After posting yesterday's rant, I sat down to watch Family Guy for some comic relief. Fittingly, the episode was called "He's Too Sexy for His Fat." Peter decides to trim down and get plastic surgery. Hilarity ensues, including this tidbit featuring a family of Eskimos saying farewell to their son as he paddles off to chase his destiny:
"My son, your place is here in the ice village. You know nothing of Hollywood and its ways."
"But Father, I have dreams and courage, and the name of an excellent cosmetic surgeon. Fear not, one day word will reach you of the success of me, the great Eskimo actor, Jennifer Love Hewitt."
Funny, Jennifer's true roots got completely left out of that Us Weekly miracle weight loss article.
Note: Newspaper Rock pointed out how this scene portrays Indians in a stereotypical light. The igloo, the ice floe. Yes, he has a point. And apparently this isn't the only episode with that problem.
Thursday, August 14, 2008
So if she was a size 2 in December and then she lost eighteen pounds, I wonder what size she is now? I'm guessing that number is revealed in the article along with her her "exact diet plan," but I just can't bring myself to read it. It's depressing, quite frankly.
Look, the girl is allowed to lose weight. That's her choice. And I do sympathize with the intense appearance-related pressures that actresses face. But anyone who gets up on a soapbox to talk about how beauty isn't about being a size 0 and then turns around and sells her weight loss story to a tabloid also loses more than a few sizes of credibility in my book.
Tuesday, August 12, 2008
Monday, August 11, 2008
"Pregorexia" is another media-coined term used to refer to mothers who are so terrified of gaining weight during their pregnancies that they diet and put their own health and the babies health at risk. Those health risks include anemia, low birth weight, heart palpitations, and rickets. Of course, women are warned not to gain too much weight either, because that comes with a whole other set of health risks. No pressure or anything. Just get it perfect, okay?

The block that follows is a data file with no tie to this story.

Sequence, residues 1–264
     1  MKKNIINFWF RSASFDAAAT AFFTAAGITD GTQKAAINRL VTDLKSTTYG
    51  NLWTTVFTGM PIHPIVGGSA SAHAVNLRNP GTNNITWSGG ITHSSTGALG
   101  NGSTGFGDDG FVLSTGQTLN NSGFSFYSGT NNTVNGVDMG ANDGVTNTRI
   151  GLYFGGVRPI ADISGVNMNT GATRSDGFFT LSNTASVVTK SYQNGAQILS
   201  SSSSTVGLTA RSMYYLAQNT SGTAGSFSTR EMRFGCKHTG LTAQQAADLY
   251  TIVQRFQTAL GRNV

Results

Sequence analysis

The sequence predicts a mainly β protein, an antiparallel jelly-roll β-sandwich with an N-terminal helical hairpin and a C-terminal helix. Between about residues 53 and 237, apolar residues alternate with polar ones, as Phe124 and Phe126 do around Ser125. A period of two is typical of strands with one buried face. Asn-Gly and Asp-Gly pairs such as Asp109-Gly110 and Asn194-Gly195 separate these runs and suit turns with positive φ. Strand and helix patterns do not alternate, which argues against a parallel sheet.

We're hearing a lot of accusations of women putting vanity before the health of their babies. We'd like to slow down the judgment train for a second. It's a pretty widely accepted fact that many women have serious body image issues, weight concerns (and yes, eating disorders) before they get pregnant, right? So why are we all so quick to assume that those issues will magically melt away as soon as women decide to become moms? What resources are available to help us cope with the body changes and body pressures that come with pregnancy and motherhood? The fact is that we're surrounded by "Celebrity Moms' Diet Tricks!" magazine covers (sometimes in the OB/GYN's office, thanks very much), but the voices of reason are few and far between.
Our recommendations? Women need doctors who are sensitive to and knowledgeable about body image issues, and we need to talk honestly with each other about how we're coping with these pressures instead of quizzing each other on how much weight we've gained or lost during and after pregnancy. What do you think? [Daily Mail] via [Shine]